All the poetry of Joan Margarit (1938-2021) is written simultaneously in Catalan and Spanish, and not subsequently translated from one language into the other. This can be clearly seen in the way in which both versions of his works move away from being literal translations, appearing as conscious reinterpretations in which the sense and the metric of the verses adapt to the sounds and nuances of each of the two languages used by the author.
Whoever reads his verses, and is lucky enough to know both languages, can clearly see how Margarit manages, through his art, to show that there is a possible cordiality between two politically opposed languages. The author takes advantage, in each of the versions of his poems, of the own rules of each lexicon and achieves that both tell the same story, without artifices or decorations, adjusting the verses to the exact minimum of necessary words, a way of working that can relate directly to his work as an architect, and perhaps more specifically to his specialisation in the calculation of structures, a branch he taught as a professor at the Higher Technical School of Architecture of Barcelona from 1968 until his retirement.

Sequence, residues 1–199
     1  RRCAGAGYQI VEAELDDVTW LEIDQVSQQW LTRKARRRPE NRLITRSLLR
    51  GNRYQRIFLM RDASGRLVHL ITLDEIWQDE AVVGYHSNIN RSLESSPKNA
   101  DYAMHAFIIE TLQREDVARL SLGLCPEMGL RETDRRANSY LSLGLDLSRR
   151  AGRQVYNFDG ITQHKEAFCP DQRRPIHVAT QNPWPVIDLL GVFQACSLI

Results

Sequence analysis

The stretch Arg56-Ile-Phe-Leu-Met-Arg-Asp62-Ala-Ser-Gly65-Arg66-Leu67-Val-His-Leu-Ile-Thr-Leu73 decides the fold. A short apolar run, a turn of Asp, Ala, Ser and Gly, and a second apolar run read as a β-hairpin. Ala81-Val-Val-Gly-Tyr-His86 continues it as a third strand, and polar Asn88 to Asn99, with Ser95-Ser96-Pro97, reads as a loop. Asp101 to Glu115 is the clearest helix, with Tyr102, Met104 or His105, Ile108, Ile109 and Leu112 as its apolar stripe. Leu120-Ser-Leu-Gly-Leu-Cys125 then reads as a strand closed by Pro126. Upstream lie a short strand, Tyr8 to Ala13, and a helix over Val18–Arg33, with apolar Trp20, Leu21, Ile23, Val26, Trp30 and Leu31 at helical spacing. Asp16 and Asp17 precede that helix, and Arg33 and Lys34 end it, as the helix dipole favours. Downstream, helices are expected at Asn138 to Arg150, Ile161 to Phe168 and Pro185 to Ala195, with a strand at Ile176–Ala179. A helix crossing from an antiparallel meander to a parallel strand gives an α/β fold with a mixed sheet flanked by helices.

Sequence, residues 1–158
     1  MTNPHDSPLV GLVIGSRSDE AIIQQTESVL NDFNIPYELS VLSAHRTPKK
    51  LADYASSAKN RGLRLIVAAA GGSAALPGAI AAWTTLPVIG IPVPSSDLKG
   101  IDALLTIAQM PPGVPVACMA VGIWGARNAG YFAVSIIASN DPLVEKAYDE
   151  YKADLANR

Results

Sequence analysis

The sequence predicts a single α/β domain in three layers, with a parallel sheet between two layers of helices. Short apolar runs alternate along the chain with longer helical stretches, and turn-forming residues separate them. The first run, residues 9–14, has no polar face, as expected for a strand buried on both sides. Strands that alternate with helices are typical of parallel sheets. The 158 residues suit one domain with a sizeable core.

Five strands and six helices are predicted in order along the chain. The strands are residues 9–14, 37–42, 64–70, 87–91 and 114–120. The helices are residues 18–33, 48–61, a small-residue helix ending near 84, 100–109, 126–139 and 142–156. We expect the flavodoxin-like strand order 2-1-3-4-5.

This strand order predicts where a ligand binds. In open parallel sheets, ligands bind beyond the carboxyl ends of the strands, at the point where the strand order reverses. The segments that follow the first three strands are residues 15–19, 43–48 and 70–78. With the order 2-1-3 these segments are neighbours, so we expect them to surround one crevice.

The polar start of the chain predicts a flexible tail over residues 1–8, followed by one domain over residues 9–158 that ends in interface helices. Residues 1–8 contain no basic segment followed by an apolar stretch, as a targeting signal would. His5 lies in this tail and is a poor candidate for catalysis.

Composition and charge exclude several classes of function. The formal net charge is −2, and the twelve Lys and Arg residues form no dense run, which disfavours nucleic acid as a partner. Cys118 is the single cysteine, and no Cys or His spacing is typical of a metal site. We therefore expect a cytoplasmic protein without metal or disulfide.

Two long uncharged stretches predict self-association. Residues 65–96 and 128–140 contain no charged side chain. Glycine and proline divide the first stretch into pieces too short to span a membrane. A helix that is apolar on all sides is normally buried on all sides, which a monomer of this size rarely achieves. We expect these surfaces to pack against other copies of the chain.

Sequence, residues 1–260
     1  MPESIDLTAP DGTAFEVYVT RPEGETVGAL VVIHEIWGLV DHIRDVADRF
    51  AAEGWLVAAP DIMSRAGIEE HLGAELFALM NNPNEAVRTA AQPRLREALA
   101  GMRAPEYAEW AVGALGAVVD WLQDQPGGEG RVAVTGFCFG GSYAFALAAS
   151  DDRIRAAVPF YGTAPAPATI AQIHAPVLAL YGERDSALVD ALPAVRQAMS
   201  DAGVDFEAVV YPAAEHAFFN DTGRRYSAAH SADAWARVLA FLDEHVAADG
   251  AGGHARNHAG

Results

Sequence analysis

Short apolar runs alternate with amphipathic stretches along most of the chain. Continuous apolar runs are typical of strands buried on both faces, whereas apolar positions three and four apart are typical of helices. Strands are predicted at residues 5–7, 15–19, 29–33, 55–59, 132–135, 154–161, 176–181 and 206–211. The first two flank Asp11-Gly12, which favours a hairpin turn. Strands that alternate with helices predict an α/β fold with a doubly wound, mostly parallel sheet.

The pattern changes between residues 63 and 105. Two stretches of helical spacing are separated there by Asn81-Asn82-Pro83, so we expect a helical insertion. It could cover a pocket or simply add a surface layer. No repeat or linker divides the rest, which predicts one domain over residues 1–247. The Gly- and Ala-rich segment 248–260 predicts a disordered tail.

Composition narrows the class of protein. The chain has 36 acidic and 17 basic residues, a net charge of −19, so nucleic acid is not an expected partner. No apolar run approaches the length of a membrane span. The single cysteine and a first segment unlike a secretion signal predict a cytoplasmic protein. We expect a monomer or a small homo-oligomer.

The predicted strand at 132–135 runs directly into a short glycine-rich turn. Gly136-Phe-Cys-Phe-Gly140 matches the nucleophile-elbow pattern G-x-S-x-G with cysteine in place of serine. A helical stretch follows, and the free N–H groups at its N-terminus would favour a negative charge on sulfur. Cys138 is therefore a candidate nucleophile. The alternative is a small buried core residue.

Margarit’s poetic work is a clear example of how some architects devote themselves to solving problems related to coexistence and the social contract, using tools and ways of working that are inherent to them and taking advantage of these capacities even from apparently remote spaces of creation with respect to their competences, in which the final result is to give an exact shape to a relationship or feeling, to materialise elements that do not have a built volume.